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A new release of FoReM ST arrived yesterday. Among the features is

yet another new file transfer protocol, 'ZZZMODEM.' This new protocol

transfes data in blocks of 16 Megabytes, giving it the largest block size

of any file transfer protocol in the Known Universe. The checksum for each

block in a ZZZMODEM transfer is sent via XMODEM, for greater accuracy.

"This new protocol will allow us to transfer data at rates up to one one-

hundredth of one percent FASTER than by any previous method," explained

Phil "Compu" Dweeb, a FoReM aficionado, pausing occasionally to wipe

the drool from his chin.

Industry insiders were quick to point out that using ZZZMODEM, it

takes roughly 2 hours and 25 minutes to transfer a 20K file at 19,200 baud.

Mr. Dweeb said that this problem has been dealt with. "Each block is padded

with nulls, which take no time to send," he explained.

The new version of FoReM ST also has the new "Recursive ARCing"

feature. As Mr. Dweeb explains: "All download files are recursively ARCed

by FoReM before being put online. Our experience has shown that when you

ARC a file, it gets smaller. Therefore, the approach we have taken is to

repeatedly ARC the file until it reaches a size of roughly 10K. At that

point, it's hardly worth the trouble, wouldn't you say?"

Reportedly in the works for a future release is the patented "One

Length Encoding" process. Early reports suggest that this procedure can

reduce the length of a file to just 1 bit. Mr. Dweeb takes up the story:

"One day we were sitting around doing some hacken and phreaken, and one of

us started thinking. All binary data is encoded into bits, which are

represented by ones and zeros. This is because a wire can either carry a

current or not, and wires can therefore be set up in a a series that can

represent strings of ones and zeros. "Notice, however, that the real

information is carried in the ones, since the others carry no current. I

mean, what good does a wire do when it isn't carrying any current? So by

dropping all the zeros, you can easily cut file sizes in half. So we

decided that a cool way to speed up data transfer would be to only send the

one bits. The results were phenomenal -- an average speed increase of 50%!!

"After we finished the initial implementation, we kept finding ways to

make the thing faster, and more efficient. But then we realised that we

hadn't gone all the way. If you think about it, after you drop all the

zeros, you're left with a string of ones. Simply count all the ones, and

you're left with another binary string. Say you end up with 7541 ones. In

binary, that's 1110101110101. So immediately we've reduced the number of

bits from 7541 to 13. But by simply repeating the process, we can reduce it

further. 1110101110101 becomes 111111111, or 9, which is 1001, which be-

comes 2, which is 10, or 1.

Once we reach a string length of 1, we have

reached maximum file com-pression. We now have the capability to encode

virtually unlimited amounts of information into a single digit! Long-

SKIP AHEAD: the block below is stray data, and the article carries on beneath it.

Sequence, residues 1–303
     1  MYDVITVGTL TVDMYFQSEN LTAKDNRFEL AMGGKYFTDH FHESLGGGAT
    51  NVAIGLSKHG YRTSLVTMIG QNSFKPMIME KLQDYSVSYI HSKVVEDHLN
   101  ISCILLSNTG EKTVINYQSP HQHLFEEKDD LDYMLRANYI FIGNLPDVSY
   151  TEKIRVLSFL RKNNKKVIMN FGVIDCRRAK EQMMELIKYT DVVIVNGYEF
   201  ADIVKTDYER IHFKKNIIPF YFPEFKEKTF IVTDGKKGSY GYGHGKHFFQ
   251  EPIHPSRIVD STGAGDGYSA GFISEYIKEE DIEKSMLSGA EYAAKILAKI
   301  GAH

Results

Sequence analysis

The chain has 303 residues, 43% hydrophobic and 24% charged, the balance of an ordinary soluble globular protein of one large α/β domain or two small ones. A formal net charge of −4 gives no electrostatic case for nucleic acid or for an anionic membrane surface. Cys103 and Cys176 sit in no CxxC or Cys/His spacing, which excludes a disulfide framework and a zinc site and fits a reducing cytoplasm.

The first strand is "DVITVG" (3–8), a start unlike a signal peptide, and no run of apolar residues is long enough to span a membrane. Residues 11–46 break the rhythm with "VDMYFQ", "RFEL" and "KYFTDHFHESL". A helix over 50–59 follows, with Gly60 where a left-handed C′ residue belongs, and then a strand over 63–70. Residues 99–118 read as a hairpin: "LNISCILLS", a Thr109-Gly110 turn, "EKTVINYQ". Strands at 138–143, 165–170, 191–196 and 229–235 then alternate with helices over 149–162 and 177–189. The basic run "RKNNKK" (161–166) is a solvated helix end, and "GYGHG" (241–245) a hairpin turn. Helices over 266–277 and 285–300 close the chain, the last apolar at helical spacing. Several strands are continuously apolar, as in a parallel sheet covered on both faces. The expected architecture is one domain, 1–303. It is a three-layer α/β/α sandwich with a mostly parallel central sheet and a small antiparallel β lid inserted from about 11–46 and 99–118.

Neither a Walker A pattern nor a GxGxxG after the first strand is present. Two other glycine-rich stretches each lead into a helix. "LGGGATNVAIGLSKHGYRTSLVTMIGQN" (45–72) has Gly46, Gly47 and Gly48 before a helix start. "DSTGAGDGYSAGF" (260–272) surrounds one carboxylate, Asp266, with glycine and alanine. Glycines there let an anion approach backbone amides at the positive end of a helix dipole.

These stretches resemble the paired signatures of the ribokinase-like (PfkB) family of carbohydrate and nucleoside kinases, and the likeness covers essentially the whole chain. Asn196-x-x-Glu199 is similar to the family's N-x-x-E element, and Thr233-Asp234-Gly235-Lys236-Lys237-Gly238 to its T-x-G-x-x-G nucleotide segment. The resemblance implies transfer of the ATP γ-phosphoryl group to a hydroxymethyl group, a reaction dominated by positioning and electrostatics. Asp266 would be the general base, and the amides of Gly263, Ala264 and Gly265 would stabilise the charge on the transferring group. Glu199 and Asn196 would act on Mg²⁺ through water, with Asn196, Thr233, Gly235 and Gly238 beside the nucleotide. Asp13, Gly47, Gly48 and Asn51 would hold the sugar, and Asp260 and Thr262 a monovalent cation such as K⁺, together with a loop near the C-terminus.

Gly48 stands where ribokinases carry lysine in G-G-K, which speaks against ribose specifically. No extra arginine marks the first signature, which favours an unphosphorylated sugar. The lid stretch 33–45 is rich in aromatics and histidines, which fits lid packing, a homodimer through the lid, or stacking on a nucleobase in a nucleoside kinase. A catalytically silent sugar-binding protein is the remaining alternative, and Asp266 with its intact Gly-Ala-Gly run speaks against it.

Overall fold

distance bills will never be the same! "Now, that's not to say that there

aren't a few problems. The biggest one we have encountered is that for some

reason, there seems to be a certain amount of data loss during the re-

conversion process. It seems that sometimes the file cannot be expanded

into its original form. So, the solution we came up with was to have an

encryption key associated with each file. When a One Length Encoded file is

received and is undergoing decompression, the unique encryption key must be

supplied. That way, we end up with a 100% success rate in our conversions!

"A problem which we are having difficulty resolving lies in the fact

that to ensure a 100% success rate, the encryption key must be exactly as

long as the original file. We are confident, however, that the use of our

Recursive ARCing procedure will help to solve this problem..."

- The Wizard of Zone
Once upon a time in Depression-era Kansas there was a little
black boy named Zachary X (pronounced "ex" not "ten") who lived
on a farm.

He was an orphan, a cheap device to garner your sympathy.... - Problem: To Catch a Lion in the Sahara Desert.
(Hunting lions in Africa was originally published as "A contribution
to the mathematical theory of big game hunting" in the American
Mathematical Monthly in 1938 by "H.

Petard, of Princeton NJ" [actually the late Ralph Boas].... - A Contribution to the Mathematical Theory of Big Game Hunting
=============================================================
Problem

To Catch a Lion in the Sahara Desert. 1. Mathematical Methods 1.... - LIFE IN THE SLAW LANE
by Kip Adotta
It was Cucumber the Fi

Summer was over. I had just spinached a long day and I was busheled.... - When I was in a six person suite of rooms, one of my room mates was a
witch, and by coincidence, another room mate had a key to his room.

One night the witch room mate returned to find that all six calendars in his room were set to October, and there was a pentagram of pencils on his desk.... - What's the difference between a banjo and a(n)...
Chain Saw

( 1.) a chain saw has a dynamic range. ( 2.) you can turn a chain saw off.... - The ark lands after The Flood. Noah lets all the animals out.

Says, "Go and multiply." Several months pass. Noah decides to check up on the animals.... - Proof By Intimidation
----- -- ------------
A Horse has an infinite number of legs.

A horse has two legs in back and forelegs in front.... - Federal Aviation Agency,
Washington 25, D.C.
Gentleme

I was asked to make a written statement concerning certain events that occurred yesterday....